A very old, traditional way of transferring an embroidery design to fabric is by drawing the design on very fragile paper, basting it to the ground fabric, and then stitching the design with a running stitch through both paper and fabric. When the whole design has been outlined, the paper is gently torn away. This isn’t a how-to, by the way…it’s probably more like a how-not-to.
I tried this method the other day. I don’t know why I did—I already have my preferred technique for transferring a design to fabric that is clean, precise, and reliable—but I guess it all boils down to laziness and impatience. Didn’t feel like tracing the design to interfacing that night, didn’t feel like reversing the drawing, either. I just wanted to start stitching right away, so I plunked the drawing (of my camera) on top of some brown linen, and basted it down.
I’m not disparaging this method…it’s been used for centuries by some of the greatest embroidering cultures of the world (Chinese, Japanese, Indian) so it obviously works, and that it proves a little difficult is more likely the fault of the practitioner than the method.
The design moved a bit as I stitched…I found that by stitching down a large part on one side of the design, the paper would warp a bit between the stitched and unstitched parts. Very possibly because of the poor basting job I did!
Sometimes, a very short stitch would tear the bit of paper underneath it, so that the stitch would disappear beneath the paper, and often I couldn’t tell whether I’d stitched that part or not, and so had to push the paper aside with the tip of the needle to see whether there already was a stitch there.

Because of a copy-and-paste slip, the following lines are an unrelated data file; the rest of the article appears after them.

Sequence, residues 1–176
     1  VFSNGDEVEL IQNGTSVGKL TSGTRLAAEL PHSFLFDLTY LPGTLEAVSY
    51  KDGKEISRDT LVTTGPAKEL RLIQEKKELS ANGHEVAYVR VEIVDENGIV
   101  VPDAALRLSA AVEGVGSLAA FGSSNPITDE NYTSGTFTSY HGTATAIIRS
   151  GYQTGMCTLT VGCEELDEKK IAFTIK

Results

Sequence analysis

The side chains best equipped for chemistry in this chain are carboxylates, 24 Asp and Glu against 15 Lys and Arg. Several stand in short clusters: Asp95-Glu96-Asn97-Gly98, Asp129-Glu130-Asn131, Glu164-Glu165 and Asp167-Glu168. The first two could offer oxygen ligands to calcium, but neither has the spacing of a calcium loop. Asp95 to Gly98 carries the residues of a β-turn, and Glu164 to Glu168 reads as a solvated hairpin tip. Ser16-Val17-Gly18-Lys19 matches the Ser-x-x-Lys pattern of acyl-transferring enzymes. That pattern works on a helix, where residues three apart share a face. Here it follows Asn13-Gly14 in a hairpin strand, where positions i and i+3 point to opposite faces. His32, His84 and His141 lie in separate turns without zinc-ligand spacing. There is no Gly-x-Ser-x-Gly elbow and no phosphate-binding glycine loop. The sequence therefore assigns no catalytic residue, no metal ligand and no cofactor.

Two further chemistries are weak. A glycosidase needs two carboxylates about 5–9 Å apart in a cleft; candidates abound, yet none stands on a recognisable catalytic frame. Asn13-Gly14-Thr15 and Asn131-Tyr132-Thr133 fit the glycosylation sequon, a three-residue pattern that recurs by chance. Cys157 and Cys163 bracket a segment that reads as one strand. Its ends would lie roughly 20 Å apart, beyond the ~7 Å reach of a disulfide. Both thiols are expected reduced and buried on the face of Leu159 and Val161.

I used a backstitch, rather than a running stitch, and found that because I couldn’t actually see the fabric, my lines weren’t always straight, my stitches didn’t always line up end-to-end. This little bit of crookedness didn’t bother me for most of the design, but for the little letters at the top of the camera, little gaps and crooked stitches did matter…
None of which compared with the annoyance of removing the paper, afterward. I didn’t mind the slow job of gently tearing paper away in small pieces, or having to pick dandruff-like fragments that were stuck underneath the stitches with a pair of tweezers. What really bugged me was how, no matter how gently one worked, the job of pulling the paper bits out would sometimes yank on the stitching, loosening it and creating loopy bits of thread…in some cases, when the part pulled on was the end of a thread, the bitter end would come popping up to the surface of the fabric—after I had so carefully woven these loose ends into the stitches on the back of the fabric, because I don’t use knots.
It came out all right in the end, I won’t have to repeat the whole thing, though I must say the thread looked a bit scruffy and fluffy after all that, and the lines have a slight jitter to them, and some of the stitches are so loose that from the side they look like terry cloth. ;) Not really, but you know what I mean. And I don’t know if it really allowed me to start embroidering sooner…I was still picking bits of paper out with a pair of tweezers this morning.
The verdict? It works, and in a pinch (in a granite hut, in a remote rural area of Szechuan Province, during the Warring States Period) it’ll do the job admirably. It certainly isn’t an excuse for the subsequent embroidery to be poor—marvelous work has been done using just this method of transferral to first mark the fabric.
But there are so many more precise ways to do this, now, and I think any transfer pen or transfer paper, iron-on, or print-on method would be preferable.
Experiment over, I started stitching today. Had an intense craving for shades of green (I can crave certain colors the way others crave salt, or chocolate. For the next 48 hours I’ll probably be all “Green is my favorite color EVER!” And then I will drop it, fickle and unfaithful, and declare an all-time-high of passion for ecru. But right now, I am loving this Kermit the Camera.
- The juggling act (smallestforest.net)
- Embroidery As Art (trishburr.com)